So replacing Russian oil means not only finding replacements for a huge amount of crude – Germany bought 27 billion tons from Russia in 2021 – but also figuring out how to move it to those refineries in the east of the country. No pipelines cross the former borders that divided East and West Germany.

Germany has begun to diversify its oil supplies, which has brought the Russian share down to 25 percent from 35 percent in the first three months of this year.

Starting in mid-April, the Leuna refinery in eastern Germany will process half of what it has been in past years of Russian oil. Instead, the Economy Ministry said crude imported from other countries is transported by truck and rail from western Germany.

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But the PCK refinery in another eastern German town, Schwedt, is largely owned by Russian energy company Rosneft, which was less willing than Leuna’s refinery to allow Germany to cancel contracts for future oil deliveries from Russia. German media reported that the Energy Ministry is looking into the possibility of justifying the state takeover in the name of energy security.

Coal is the easiest of the three energy sources that can be replaced. However, Germany relied on Russia to provide nearly half of its hard coal imports, after closing the last coal mine at the end of 2018.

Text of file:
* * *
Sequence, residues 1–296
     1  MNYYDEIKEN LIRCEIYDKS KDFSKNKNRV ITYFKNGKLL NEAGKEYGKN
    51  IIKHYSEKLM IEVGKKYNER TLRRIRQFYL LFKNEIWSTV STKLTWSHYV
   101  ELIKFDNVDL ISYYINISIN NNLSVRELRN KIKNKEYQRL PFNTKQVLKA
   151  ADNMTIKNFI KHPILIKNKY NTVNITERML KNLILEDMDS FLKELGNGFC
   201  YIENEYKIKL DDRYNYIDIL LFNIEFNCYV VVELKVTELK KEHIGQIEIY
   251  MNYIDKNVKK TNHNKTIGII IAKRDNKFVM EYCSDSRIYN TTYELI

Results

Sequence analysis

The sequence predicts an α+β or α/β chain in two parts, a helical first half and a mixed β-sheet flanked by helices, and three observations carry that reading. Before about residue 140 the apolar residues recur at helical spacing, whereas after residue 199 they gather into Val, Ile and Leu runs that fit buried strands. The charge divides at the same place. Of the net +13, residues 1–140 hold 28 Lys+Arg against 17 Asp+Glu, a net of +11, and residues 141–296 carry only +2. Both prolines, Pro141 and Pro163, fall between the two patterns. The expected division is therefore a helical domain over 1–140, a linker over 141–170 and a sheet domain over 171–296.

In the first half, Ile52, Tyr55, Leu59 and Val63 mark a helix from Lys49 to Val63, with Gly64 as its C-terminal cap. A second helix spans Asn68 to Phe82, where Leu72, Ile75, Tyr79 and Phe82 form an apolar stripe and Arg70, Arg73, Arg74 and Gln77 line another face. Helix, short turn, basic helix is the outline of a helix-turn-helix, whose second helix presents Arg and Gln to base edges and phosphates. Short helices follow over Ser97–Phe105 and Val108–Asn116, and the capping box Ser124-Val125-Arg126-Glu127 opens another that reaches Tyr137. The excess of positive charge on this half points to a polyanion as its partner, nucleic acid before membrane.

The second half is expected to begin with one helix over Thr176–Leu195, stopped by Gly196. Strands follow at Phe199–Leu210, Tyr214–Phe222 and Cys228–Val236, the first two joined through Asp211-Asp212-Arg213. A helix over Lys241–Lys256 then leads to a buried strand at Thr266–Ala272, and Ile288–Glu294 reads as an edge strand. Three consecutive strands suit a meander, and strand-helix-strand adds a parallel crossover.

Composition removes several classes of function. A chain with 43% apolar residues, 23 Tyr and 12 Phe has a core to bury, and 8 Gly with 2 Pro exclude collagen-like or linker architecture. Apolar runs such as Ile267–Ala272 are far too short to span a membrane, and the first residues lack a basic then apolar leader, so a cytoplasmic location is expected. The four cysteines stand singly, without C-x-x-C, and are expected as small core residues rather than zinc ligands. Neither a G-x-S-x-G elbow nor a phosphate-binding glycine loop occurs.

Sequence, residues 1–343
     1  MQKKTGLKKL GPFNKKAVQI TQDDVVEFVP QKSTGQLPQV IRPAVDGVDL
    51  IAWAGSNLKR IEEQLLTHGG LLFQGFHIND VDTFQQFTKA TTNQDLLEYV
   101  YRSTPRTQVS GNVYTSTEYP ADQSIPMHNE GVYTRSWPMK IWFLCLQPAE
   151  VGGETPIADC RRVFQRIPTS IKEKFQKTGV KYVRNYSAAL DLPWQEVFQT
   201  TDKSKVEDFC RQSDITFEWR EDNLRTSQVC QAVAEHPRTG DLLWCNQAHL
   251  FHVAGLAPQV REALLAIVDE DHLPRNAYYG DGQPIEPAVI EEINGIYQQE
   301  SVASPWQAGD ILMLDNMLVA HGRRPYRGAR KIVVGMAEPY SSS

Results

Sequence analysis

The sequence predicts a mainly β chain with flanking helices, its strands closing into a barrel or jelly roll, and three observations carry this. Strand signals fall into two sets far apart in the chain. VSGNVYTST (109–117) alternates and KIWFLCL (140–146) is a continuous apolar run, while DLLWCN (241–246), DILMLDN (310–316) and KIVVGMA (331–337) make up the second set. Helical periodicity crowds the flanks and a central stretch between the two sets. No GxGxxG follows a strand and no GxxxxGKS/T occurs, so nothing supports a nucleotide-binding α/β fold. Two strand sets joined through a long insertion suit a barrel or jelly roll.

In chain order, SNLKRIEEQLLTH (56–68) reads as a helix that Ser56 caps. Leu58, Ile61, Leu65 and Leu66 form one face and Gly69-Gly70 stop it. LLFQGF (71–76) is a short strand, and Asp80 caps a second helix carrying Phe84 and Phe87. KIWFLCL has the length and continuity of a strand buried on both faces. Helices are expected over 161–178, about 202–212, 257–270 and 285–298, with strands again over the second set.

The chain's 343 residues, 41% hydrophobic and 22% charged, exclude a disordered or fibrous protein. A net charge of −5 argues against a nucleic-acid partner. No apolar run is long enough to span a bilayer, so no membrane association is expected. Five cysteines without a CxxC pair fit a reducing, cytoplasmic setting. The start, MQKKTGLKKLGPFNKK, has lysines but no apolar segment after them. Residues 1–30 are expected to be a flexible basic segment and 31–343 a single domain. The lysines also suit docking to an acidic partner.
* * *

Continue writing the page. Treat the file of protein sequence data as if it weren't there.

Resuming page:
The Economy Ministry said that in the past six weeks, Germany was able to change delivery chains and sign new agreements to cut its reliance in half. Now 25 percent of the country’s coal needs are met by Russia. It plans to stop importing fuel completely by the end of the summer.

Until then, however, Mr. Habeck, the Economy Minister, insisted that Germany needed a steady supply of energy to support its role as an economic engine in the region. This may be especially urgent now that Europe is called upon to help provide energy and supplies to Ukraine, which last month connected its electrical grid to Europe to ensure stability despite the war.

Germany, after some hesitation, was supplying Ukraine with weapons, of which Mr. Habek noted that the steel to be produced in Germany’s factories was coal-fired, which still includes imports from Russia. It was not immediately clear how that coal would be compensated in the event of sanctions.

“We have been asked to supply Ukraine with raw materials,” Mr. Habek told ZDF public television last week. “We need a sound infrastructure to be able to do that.”